The 2018 World Junior silver medalist felt that being a newcomer that nobody really considered as a medal contender made it easier for him. Plus, he enjoyed the atmosphere at this big event. “The atmosphere was very festive, there was a lot of support from the spectators and there were a lot of spectators,” he recalled. “That was the first time for me. I was not used to it and maybe that’s why I wasn’t distracted by other things. My task was just to skate well.”
The season had started with a few ups and downs. Although Danielian collected two silver medals in the ISU Junior Grand Prix of Figure Skating Series, he was only a substitute for the ISU Junior Grand Prix Final. “It was upsetting, but I realized it was my own fault. I didn’t show what I would have needed to show and I cannot make mistakes. This made me work even harder and to prove that I can compete at major events, qualify for them and show decent performances,” he shared.
One problem was the quadruple Salchow that Danielian struggled with at the beginning of the season. It took some time to get it more consistent. “I was kind of stopping myself, I was lacking confidence,” he explained, “but with time I landed it. I went for it in competition. I fell, but then I landed it in one program, but not in the other. The confidence came step by step. It is a new element, I couldn’t even imagine in my head how to do it in competition. I didn’t have the image in my head. I had to sacrifice a few competitions before it started to work.”
Danielian, who moved as a 12-year-old with his family from Volgograd in the south of Russia to Moscow to join the CSKA club, is coached by Elena Buianova (Vodorezova) and Marina Selitskaia. Impressed by 2014 Olympic Champion Adelina Sotnikova, he wanted to train with Sotnikova’s coach, Buianova, and his dream came true in 2016. In addition to Buianova and Selitskaia, the European silver medalist also works with former ice dancer Maxim Zavozin and former single skater Alexander Uspenski as well as choreographer Irina Tagaeva.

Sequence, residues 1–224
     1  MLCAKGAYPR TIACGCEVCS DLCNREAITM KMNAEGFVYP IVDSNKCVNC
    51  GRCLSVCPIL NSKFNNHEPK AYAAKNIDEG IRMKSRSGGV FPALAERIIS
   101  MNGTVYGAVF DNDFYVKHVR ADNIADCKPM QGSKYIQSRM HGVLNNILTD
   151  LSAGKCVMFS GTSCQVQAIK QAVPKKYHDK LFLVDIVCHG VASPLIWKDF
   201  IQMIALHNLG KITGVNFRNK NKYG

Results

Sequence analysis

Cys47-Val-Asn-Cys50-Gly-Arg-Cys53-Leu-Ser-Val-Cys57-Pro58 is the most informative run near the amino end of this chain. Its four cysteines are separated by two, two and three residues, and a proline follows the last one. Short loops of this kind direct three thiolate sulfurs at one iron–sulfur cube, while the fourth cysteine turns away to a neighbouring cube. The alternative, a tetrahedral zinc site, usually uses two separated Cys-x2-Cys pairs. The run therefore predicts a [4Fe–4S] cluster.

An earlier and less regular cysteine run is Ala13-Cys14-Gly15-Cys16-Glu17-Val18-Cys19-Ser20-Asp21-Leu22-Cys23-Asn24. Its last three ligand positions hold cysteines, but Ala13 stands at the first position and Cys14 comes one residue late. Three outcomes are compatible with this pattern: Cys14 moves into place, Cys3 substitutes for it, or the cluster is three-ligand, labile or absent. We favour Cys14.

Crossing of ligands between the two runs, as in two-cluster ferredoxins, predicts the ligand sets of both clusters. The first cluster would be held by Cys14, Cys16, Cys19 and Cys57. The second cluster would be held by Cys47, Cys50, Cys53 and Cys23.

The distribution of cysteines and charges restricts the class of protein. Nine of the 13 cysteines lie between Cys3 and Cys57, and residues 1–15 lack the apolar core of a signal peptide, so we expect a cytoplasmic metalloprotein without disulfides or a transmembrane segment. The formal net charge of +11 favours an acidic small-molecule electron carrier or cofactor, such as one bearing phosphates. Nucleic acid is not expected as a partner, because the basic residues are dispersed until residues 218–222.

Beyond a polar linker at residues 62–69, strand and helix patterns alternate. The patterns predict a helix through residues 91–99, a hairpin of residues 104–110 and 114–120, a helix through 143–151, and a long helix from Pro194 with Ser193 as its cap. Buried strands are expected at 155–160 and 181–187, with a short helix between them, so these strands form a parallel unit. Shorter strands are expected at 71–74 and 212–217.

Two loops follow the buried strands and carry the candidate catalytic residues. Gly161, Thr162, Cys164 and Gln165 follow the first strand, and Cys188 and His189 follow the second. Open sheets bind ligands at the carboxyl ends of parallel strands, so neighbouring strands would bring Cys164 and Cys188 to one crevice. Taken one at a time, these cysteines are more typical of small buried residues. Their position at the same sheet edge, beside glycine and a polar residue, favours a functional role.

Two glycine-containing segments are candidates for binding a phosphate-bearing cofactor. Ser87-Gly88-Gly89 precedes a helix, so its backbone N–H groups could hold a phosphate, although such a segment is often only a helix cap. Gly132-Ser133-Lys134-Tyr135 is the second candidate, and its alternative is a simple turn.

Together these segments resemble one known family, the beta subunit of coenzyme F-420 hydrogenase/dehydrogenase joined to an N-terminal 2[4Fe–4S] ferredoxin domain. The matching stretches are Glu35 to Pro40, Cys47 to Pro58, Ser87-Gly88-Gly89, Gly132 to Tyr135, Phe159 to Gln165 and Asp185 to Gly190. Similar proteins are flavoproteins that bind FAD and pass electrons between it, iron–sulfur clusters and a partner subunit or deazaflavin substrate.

“I want to thank them all for what they did, and also the massage therapist, doctors and our federation for their support,” Danielian said. Sometimes Buianova travels with him to competitions, sometimes Selitskaia. “They prepare me in a different way, but both ways suit me,” the skater noted.
Danielian is the youngest of three children in his family and the whole family had to move for his career. They did not regret it and were very pleased when he made the podium at Europeans. “They were very happy and said that they are proud of me,” the skater shared. The parents and his sister and brother stayed at home. They usually don’t come to the competitions, which is what Danielian prefers. “It’s extra nerves and I don’t need that. My mother gets very nervous, my sister says it’s better not to let her watch. They get more nervous than I do. I don’t let them come to competitions. Once, they didn’t listen and I didn’t skate well and said they shouldn’t come again.”